In this week’s workshop, we focused on the sound of poetry. I began with a quote from Poemcrazy:

“Many poems are written for the ear and fall somewhere between music and talk.” (Poemcrazy,p. 164)

and then went on to read another passage from Poemcrazy in which Wooldridge asserts that all of us have a natural rhythm, and that even poetry without an obvious form contains this rhythm as the author has made a conscious decision about line breaks, etc.

We then did a whirlwind tour of poetic devices which add to the sound of poetry – alliteration, which Frances Mayes tells us is older than rhyme (The Discovery of Poetry, p. 34), consonance and assonance, onomatopoeia, euphony, cacophony, repetition (including refrains and anaphora), and meter.

I did some scansion on the easel paper, using a couple of lines from Shakespeare’s sonnet 18, which we read a few weeks ago when we discussed comparison. I clapped out the iambic pentameter and asked them to tell me what the beat sounds like – one possible answer is a heartbeat, which was their immediate response. I enjoy the look of recognition on the students’ faces when we can relate what they previously thought of as rather old fashioned or stuffy to something they know, something very human and real. It’s as if the “stuff” on the page comes alive for them, and the looks on their faces is much like the look a toddler has when she first discovers something new.

We talked about consciously using sound to create atmosphere, to illuminate the subject of their poems the same way that music or sound effects deepen, enlarge, or otherwise enhance a scene in a film or a play. Again, it was lovely, as we covered the somewhat dry, textbook terminology, to see them light up as we made a connection to something they know – these writing techniques help make the “soundtrack” of a poem.

We also talked about the obvious musical connections – a refrain is like the chorus of a song, meter is like the beat, a foot in metrical poetry is like a measure or bar of music, and a change or variation in meter is like syncopation or counterpoint in music.

Before I read some examples of poems that amplified (couldn’t resist the pun) these sound techniques, I asked them to listen to the sound of the poems. And this week, I deliberately chose some poems I suspected they have read before, so that the focus could be on the sound. Of course, I also chose some of my own favorites, in order to expand their poetry “life lists” – there is so much good poetry that never reaches students, but that they really relate to and respond to enthusiastically!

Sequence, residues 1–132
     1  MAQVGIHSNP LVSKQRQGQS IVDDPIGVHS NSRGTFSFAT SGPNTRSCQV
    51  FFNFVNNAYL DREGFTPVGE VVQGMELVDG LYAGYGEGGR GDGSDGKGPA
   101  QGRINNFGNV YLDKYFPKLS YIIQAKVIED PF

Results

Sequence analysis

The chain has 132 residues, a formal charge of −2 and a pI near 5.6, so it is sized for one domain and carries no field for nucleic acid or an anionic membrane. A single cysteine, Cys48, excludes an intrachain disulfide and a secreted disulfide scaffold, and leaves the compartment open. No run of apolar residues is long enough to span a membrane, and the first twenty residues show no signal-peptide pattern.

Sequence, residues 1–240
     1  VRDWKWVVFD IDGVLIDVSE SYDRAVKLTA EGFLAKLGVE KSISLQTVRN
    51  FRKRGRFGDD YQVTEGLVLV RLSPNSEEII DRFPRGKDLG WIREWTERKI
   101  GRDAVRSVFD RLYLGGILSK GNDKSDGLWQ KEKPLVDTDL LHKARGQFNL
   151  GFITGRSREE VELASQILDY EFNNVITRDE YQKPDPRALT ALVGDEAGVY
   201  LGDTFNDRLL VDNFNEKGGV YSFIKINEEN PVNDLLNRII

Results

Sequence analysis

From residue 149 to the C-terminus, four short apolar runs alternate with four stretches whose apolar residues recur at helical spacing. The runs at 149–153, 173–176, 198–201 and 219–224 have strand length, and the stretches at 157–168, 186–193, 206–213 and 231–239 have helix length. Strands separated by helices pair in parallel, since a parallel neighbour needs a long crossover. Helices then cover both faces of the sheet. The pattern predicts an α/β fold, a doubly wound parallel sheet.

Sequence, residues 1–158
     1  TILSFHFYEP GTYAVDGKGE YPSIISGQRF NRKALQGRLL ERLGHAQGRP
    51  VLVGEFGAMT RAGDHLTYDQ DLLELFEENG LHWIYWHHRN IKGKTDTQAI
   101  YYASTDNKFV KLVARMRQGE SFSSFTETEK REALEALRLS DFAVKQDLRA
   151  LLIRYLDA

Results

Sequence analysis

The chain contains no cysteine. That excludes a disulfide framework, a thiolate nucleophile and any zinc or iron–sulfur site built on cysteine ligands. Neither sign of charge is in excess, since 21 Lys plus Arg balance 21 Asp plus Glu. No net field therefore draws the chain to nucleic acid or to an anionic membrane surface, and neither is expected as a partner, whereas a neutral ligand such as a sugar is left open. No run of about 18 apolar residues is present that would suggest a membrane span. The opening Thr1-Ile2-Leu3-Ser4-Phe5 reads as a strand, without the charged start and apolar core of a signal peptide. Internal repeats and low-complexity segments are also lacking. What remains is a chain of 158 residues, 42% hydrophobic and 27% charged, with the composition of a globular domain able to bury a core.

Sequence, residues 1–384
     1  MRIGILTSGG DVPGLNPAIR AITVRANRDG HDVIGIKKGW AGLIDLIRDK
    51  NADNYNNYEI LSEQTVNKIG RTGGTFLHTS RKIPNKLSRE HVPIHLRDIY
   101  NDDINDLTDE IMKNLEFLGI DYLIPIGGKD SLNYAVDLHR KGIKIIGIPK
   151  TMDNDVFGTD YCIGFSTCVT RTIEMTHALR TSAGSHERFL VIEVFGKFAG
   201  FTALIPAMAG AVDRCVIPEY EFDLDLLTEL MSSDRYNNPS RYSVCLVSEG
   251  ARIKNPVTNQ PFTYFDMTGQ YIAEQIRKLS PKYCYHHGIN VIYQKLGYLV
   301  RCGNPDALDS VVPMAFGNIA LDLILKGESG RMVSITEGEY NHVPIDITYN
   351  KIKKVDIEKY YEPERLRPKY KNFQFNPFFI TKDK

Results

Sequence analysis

This week’s poems:

“A Very Valentine” by Gertrude Stein

“Samurai Song” by Robert Pinsky

“My People” by Langston Hughes

“The Road Not Taken” by Robert Frost

“Ditty of First Desire” by Federico Garcia Lorca

“The Raven” by Edgar Allan Poe

“We Real Cool” by Gwendolyn Brooks

“Let Evening Come” by Jane Kenyon

“Pied Beauty” by Gerard Manley Hopkins

and I read one of my own poems, “The Nearness of You,” published in Spire in spring 2005:

The Nearness of You

I wake up with
trees wet on one side,
the small sound
of your breath on
my pillow before
anyone else gets up.

In this lightness,
I imagine there is
no world, shocked,
stunned, crying.

There is only oak,
pine, mossy boulder,
wren-song singing
the nearness of you.

As we read, I asked what they heard and pointed out things I heard. The superintendent happened to be at the school today, and he came in toward the end of “Ditty of First Desire” and stayed for a few minutes, leaving as I was launching into “The Raven.” The kids seemed not to mind the disruption, although one of them asked the principal before we started if the superintendent could “close us down” if he didn’t like what he saw. She said no . . .

Most of the students had heard “We Real Cool” before and several mentioned what a “cool” poem it is. I pointed out the way the form and the sound of the poem create an atmosphere and a tension, and suggested they try to write a poem in their journals some time in which they limit themselves to short lines in two line stanzas, so see what they come up with. We also talked about the sort of reverse anaphora in the poem – usually in poetry, anaphora refers to the first word in the line repeating, but Brooks repeats the last word in the all but one line.